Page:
Because of ongoing health problems I missed seeing some of my most favorite things this spring including the daffodils at Morton Arboretum, tulips at Cantigny, spring blossoms at the Chicago Botanic Gardens and the lilacs in Lombard. However, the flowers in our garden provided some consolation. They seem to manage pretty well without too much help from me and hopefully I can get out there before the weeds take over. We’ve had a lot of rain recently and when the sun finally did put in an appearance I managed to get a few shots of some familiar faces.
A colorful display of tulips and some mud-spattered daffodils as well as a few other springtime flowers helped to brighten the day.
A white-crowned sparrow and my arch-nemesis the rabbit also paid us a visit.
I must apologize for not keeping up with all the blogs that I normally follow recently, owing to the fact that I’ve been unwell for the past couple of weeks, so much so that we had to cancel a family get-together at Easter and a trip to Utah to visit our youngest daughter and her husband (something we had been eagerly anticipating) all of which has left me feeling rather ‘down in the dumps.’ However, it did give me the opportunity to sit for many hours looking out of the window and apparently I’m not the only one missing in action. I’m sure someone must have been looking for this zebra finch which evidently had escaped from somewhere. As far as I know it’s not native to the Chicago area or even America.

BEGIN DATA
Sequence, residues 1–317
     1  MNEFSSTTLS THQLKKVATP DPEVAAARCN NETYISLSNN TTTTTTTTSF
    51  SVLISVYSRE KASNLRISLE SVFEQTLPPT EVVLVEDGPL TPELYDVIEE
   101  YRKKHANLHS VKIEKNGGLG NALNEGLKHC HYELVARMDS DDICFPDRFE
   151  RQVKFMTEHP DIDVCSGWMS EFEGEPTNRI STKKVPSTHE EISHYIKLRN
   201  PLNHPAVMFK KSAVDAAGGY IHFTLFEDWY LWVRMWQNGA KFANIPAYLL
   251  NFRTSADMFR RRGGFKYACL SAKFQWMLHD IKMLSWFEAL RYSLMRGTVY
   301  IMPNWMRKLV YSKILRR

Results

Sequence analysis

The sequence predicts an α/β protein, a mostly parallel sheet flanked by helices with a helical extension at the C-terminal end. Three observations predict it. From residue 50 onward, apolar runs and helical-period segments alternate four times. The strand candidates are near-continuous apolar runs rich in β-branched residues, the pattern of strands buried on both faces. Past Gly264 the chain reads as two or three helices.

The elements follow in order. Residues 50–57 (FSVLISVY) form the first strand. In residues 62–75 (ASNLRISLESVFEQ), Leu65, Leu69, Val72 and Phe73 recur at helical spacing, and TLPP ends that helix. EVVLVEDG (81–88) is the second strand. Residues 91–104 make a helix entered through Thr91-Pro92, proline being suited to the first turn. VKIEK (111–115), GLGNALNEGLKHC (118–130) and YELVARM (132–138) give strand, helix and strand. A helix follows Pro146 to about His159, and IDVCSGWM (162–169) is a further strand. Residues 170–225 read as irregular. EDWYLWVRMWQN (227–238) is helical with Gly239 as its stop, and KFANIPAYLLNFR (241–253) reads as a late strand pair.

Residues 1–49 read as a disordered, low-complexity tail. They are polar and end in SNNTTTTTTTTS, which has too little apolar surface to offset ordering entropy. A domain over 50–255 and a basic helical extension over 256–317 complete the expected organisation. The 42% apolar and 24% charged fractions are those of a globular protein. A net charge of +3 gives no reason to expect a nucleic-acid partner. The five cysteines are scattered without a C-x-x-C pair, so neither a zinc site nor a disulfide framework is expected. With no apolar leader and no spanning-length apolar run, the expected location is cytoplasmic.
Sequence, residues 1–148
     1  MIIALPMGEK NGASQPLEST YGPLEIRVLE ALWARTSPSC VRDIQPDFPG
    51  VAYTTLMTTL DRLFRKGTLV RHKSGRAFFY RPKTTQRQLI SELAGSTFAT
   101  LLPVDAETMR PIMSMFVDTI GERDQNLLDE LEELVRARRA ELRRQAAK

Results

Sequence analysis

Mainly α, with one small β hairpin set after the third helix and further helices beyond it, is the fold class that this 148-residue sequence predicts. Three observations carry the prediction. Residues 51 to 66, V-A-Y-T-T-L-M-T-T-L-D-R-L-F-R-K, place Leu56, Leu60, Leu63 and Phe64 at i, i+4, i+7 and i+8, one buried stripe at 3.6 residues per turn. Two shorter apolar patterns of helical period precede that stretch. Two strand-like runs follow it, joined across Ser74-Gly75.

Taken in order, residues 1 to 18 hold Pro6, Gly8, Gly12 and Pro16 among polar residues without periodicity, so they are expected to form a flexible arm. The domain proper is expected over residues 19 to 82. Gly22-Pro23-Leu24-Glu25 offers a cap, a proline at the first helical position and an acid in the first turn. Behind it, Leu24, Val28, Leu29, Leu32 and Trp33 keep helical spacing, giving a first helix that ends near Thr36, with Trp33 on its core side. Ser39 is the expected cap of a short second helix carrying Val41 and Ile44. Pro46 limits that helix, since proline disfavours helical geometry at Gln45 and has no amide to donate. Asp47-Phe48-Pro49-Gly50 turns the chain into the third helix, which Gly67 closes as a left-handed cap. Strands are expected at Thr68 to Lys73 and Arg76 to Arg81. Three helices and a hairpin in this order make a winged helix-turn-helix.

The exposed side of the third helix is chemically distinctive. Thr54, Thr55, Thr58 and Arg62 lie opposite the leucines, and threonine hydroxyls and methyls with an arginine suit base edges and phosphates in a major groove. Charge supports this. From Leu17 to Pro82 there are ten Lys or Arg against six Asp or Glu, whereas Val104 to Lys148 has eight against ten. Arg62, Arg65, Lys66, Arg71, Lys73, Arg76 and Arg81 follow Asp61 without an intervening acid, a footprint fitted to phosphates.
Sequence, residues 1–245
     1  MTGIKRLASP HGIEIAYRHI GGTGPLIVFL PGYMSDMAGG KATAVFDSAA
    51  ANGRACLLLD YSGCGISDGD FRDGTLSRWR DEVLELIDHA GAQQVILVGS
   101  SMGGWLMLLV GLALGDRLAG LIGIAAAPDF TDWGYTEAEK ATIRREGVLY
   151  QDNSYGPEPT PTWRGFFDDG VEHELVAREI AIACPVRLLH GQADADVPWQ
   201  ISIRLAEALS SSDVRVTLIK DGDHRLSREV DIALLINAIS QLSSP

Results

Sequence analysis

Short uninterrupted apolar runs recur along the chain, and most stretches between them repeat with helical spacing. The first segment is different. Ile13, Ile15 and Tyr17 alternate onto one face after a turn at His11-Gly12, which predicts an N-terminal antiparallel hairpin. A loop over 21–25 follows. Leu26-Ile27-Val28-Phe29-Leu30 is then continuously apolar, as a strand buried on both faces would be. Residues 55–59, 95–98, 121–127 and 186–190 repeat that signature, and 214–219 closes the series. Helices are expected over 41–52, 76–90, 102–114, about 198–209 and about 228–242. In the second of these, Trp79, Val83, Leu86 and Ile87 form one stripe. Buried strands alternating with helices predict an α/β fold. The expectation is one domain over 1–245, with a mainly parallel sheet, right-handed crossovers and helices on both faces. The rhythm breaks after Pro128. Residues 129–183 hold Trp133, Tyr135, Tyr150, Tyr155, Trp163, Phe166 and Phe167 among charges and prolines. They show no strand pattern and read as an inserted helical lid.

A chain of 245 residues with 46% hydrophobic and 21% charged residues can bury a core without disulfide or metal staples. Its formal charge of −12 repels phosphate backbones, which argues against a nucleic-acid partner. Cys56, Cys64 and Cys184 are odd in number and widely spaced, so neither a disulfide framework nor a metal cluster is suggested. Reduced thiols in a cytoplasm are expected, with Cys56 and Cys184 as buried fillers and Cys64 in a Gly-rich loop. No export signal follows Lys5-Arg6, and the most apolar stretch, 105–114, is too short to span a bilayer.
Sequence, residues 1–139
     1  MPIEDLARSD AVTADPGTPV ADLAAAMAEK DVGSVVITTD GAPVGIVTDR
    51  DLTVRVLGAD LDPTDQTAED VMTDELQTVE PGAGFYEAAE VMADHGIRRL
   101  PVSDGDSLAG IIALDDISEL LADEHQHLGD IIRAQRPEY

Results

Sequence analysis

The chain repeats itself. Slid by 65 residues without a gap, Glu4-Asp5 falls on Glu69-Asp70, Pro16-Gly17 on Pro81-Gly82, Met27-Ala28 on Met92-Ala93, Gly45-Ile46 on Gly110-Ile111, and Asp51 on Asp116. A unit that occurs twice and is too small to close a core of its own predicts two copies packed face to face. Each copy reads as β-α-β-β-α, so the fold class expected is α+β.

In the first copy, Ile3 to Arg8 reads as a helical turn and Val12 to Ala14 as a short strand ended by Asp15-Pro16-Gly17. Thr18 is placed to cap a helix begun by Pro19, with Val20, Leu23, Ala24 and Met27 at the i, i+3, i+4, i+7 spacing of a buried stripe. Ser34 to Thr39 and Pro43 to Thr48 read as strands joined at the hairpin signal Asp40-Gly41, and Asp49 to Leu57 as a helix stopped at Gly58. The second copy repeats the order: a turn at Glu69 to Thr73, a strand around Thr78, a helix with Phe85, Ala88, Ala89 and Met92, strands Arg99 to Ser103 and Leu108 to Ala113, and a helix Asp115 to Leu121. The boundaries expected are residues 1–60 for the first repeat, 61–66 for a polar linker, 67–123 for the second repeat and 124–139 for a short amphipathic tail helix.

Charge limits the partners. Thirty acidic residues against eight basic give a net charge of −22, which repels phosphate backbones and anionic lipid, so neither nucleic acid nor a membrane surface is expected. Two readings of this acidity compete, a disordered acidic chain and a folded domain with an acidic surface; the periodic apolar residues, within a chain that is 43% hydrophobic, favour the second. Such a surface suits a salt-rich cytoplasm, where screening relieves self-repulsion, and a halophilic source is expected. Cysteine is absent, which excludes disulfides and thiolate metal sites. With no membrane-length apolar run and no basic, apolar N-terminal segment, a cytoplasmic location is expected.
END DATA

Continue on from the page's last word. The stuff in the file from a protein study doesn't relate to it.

I also spotted another bird which, to the best of my knowledge, hasn’t visited us before. I think it’s a nuthatch but perhaps someone could confirm that or correctly identify it. I hope to get back to reading all your posts soon and catching up with the latest news. Best wishes to all.
This week’s Photo Challenge, set for us by Krista at The Daily Post, is the road taken. Whenever we go traveling it’s always by road and many of the images in the old photo files are shots taken from the car, so they are not always too sharp but sometimes it’s the only way to record the places that we see. When you’re on the highway you can’t just pull off to the side when you spot something you like.
Early morning and on theroad in Nebraska and crossing the Mackinac Bridge that connects Mackinac City to St. Ignace in Michigan.
Sometimes you have to share the road with something other than vehicles so be careful when you’re driving through somewhere like Custer State Park in South Dakota.
Occasionally, if you’re driving through the countryside, you can get out of the car and risk standing in the middle of the road to get a shot. The above image was taken on a ‘rustic roads‘ jaunt in Wisconsin and the picture below shows the road leading across the Great Salt Lake from Salt Lake City to Antelope Island in Utah.
Jennifer has chosen ‘elder’ as the subject for this week’s One Word Photo Challenge. Merriam-Webster’s definition of the noun elder is ‘One having authority by virtue of age and experience’ and, according to Wikipedia, American Indian elders are revered as repositories of cultural and philosophical knowledge. With extraordinary grace, energy and pride, these members of the American Indian Community have set a fine example by keeping their culture alive and meaningful for a new generation.